The ACCC says it may have to regulate to reduce the dominance of Apple and Google in app marketplaces. 

“There is much work underway in many jurisdictions to address the impact of the dominant digital platforms, whose global presences requires a global response,” ACCC Chair Rod Sims said in a recent speech to a Global Competition Review webinar. 

The Australian Competition and Consumer Commission (ACCC) released a report earlier this year that found Apple’s App Store and Google’s Play Store have significant market power in the distribution of mobile apps in Australia.

The regulator found local app developers need fair and reasonable terms when dealing with app stores and better processes for the approval of apps to help address the consequences of the duopoly. 

Apple and Google do not only run the app marketplaces - they also compete within them with their own apps. They have the ability and incentive to promote their own apps over others, and they control the terms that their competitors must comply with to gain access to their stores.

The report found app developers should have more information about how their apps are made discoverable to consumers and that consumers should have the ability to change or remove any pre-installed or default apps.

Mr Sims says moves are afoot around the world.

The ACCC and international regulators in the United States, Europe, the UK, and in Asia have launched a large number of inquiries, enforcement investigations and litigation relating to Google’s and Apple’s dominance in app marketplaces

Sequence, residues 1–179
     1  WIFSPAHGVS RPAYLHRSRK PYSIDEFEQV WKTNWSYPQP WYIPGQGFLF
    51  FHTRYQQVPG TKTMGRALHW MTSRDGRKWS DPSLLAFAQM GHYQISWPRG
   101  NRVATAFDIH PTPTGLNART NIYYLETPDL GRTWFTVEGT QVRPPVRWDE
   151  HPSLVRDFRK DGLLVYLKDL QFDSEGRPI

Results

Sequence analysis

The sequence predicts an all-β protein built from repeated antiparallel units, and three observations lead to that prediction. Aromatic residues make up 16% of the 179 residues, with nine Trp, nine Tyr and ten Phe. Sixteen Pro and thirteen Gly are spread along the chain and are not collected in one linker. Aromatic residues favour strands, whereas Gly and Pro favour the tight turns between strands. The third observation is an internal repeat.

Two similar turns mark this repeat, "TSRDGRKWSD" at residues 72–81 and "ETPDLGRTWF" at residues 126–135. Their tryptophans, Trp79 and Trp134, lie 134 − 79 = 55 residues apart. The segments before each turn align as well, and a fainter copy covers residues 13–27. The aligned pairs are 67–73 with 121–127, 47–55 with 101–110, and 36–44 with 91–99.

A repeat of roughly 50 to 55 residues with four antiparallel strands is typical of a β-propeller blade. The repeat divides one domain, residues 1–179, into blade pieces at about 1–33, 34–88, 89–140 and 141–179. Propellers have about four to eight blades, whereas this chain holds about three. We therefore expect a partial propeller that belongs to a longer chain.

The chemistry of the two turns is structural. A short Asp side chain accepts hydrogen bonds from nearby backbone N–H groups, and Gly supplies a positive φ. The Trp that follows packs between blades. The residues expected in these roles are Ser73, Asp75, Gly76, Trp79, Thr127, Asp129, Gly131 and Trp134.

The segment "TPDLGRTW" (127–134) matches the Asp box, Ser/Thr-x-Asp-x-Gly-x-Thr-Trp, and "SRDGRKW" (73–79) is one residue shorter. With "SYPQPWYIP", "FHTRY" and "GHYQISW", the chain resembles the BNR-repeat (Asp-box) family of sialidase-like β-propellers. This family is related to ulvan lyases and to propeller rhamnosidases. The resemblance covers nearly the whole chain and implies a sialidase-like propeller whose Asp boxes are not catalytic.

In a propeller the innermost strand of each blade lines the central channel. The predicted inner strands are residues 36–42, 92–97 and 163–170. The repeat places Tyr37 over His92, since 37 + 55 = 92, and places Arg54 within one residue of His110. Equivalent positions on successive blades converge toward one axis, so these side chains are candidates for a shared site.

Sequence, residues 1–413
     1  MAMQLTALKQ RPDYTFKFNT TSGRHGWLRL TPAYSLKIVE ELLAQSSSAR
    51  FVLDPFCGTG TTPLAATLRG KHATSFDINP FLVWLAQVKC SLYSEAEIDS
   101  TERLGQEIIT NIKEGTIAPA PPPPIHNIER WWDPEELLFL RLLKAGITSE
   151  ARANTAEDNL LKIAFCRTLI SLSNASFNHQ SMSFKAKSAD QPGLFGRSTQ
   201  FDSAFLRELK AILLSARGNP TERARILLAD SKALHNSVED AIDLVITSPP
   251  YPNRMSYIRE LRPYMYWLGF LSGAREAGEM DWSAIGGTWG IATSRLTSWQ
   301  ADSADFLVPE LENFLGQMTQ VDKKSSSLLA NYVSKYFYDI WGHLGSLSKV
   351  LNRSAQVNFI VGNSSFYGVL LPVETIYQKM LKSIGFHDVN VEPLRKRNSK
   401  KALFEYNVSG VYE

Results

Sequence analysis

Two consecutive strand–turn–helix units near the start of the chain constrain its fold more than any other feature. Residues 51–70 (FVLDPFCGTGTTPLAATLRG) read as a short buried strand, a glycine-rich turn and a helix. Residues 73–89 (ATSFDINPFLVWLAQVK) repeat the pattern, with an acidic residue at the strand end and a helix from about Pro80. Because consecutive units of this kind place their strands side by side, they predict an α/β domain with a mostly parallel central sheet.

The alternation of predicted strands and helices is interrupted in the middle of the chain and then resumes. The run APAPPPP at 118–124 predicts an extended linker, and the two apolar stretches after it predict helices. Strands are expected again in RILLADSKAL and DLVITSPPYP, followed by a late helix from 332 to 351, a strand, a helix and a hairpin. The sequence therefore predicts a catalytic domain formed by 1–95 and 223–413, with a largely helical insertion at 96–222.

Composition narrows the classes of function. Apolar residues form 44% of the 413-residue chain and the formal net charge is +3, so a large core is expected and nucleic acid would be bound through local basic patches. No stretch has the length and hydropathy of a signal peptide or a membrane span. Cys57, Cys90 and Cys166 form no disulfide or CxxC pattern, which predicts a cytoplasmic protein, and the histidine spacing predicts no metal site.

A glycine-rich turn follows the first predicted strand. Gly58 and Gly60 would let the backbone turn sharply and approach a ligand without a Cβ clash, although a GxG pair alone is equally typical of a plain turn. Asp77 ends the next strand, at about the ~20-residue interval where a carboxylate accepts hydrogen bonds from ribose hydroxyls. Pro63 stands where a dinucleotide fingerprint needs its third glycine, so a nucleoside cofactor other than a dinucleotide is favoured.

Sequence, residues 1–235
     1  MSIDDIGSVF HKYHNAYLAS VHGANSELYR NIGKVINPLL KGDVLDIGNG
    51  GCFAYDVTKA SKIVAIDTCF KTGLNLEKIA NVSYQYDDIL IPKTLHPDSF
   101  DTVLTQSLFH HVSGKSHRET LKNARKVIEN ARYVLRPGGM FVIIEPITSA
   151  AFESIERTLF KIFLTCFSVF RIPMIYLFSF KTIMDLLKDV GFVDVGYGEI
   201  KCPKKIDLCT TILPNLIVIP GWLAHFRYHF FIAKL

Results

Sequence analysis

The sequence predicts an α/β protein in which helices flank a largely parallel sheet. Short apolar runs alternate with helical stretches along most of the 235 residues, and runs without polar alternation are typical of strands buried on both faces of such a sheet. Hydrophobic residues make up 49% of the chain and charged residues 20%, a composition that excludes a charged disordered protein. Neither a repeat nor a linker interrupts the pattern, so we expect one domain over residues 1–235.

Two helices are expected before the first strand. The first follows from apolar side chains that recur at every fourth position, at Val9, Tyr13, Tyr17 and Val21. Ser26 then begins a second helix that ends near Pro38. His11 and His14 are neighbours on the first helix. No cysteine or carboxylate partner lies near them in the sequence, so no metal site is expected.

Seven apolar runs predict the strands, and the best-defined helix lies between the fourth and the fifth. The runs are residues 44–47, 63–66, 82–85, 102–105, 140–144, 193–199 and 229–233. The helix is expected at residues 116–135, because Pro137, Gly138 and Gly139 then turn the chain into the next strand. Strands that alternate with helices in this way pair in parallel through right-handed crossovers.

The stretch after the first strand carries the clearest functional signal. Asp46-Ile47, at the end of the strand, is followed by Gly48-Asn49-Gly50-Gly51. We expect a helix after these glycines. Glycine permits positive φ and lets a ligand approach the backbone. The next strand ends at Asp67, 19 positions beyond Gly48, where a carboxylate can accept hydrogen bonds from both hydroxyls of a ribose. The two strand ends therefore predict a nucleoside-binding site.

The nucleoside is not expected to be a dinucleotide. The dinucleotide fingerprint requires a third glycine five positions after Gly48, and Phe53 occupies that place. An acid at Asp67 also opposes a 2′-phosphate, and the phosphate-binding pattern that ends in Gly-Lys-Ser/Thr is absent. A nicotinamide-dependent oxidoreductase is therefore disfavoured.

“International coherence and alignment on both regulatory and enforcement approaches is so important, and we remain in close contact with our counterparts working on these issues overseas,” Mr Sim said. 

He cited five US anti-trust bills targeting major digital platforms and the new bill on app marketplaces, the European Commission’s draft Digital Markets Act, Germany’s new competition legislation for digital firms, the UK’s proposal to apply new rules to particular digital firms with ‘strategic market status’, as well as regulatory developments in Japan and draft legislation in South Korea targeting app marketplaces.

These proposals span issues from preventing further entrenchment of dominant market positions, promoting competition and greater transparency and fairness, respectively.

“Our own work at the ACCC must be tailored to match our own issues and concerns. But although the finer details of our approaches may vary, competition authorities can still achieve successful global outcomes by aligning their approaches to both enforcement and regulation,” Mr Sims said.

“This will include alignment around up front regulation and rules as well as enforcement. The competitiveness, and the level and type of innovation in our economy, requires this.”